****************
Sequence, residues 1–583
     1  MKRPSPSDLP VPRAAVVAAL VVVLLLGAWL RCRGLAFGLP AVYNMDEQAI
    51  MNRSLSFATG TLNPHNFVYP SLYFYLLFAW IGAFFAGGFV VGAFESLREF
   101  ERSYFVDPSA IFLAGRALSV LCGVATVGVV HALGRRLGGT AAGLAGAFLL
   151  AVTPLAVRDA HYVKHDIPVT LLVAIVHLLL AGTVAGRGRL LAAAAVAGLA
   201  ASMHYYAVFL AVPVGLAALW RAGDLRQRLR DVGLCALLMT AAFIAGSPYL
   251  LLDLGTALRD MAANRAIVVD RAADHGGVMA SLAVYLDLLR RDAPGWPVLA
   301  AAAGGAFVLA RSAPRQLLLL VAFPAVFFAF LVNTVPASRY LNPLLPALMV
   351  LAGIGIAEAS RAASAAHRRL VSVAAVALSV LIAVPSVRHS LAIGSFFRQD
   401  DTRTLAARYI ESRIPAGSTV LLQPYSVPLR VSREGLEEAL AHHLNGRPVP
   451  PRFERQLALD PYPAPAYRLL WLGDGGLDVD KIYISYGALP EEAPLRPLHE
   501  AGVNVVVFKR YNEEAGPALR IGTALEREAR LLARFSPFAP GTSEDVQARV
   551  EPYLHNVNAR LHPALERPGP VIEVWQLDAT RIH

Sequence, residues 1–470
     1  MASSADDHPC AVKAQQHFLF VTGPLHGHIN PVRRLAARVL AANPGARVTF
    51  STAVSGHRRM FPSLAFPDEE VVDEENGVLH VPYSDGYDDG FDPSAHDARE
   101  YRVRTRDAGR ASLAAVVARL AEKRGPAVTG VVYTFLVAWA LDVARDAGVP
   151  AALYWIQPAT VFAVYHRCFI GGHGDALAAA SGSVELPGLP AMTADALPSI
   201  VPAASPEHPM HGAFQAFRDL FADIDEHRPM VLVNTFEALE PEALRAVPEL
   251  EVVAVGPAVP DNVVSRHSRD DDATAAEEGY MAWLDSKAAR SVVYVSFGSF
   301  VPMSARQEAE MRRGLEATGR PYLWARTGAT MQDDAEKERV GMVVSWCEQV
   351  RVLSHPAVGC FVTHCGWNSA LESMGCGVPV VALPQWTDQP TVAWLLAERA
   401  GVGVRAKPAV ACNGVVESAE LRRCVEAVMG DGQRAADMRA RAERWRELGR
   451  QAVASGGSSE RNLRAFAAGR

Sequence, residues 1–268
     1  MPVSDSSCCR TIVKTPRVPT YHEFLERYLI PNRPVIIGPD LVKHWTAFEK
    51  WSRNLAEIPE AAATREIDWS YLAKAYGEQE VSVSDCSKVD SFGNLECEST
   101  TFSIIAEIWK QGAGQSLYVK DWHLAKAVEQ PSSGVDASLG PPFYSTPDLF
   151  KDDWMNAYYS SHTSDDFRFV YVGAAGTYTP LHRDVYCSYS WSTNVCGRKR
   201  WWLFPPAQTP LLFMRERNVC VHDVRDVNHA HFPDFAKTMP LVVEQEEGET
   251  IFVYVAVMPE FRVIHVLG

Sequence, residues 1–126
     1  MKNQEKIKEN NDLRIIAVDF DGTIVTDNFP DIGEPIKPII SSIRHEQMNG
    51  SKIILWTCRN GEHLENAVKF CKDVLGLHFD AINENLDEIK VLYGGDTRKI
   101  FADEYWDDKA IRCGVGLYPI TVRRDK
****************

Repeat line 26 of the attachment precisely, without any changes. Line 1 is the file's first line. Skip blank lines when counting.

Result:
     1  MPVSDSSCCR TIVKTPRVPT YHEFLERYLI PNRPVIIGPD LVKHWTAFEK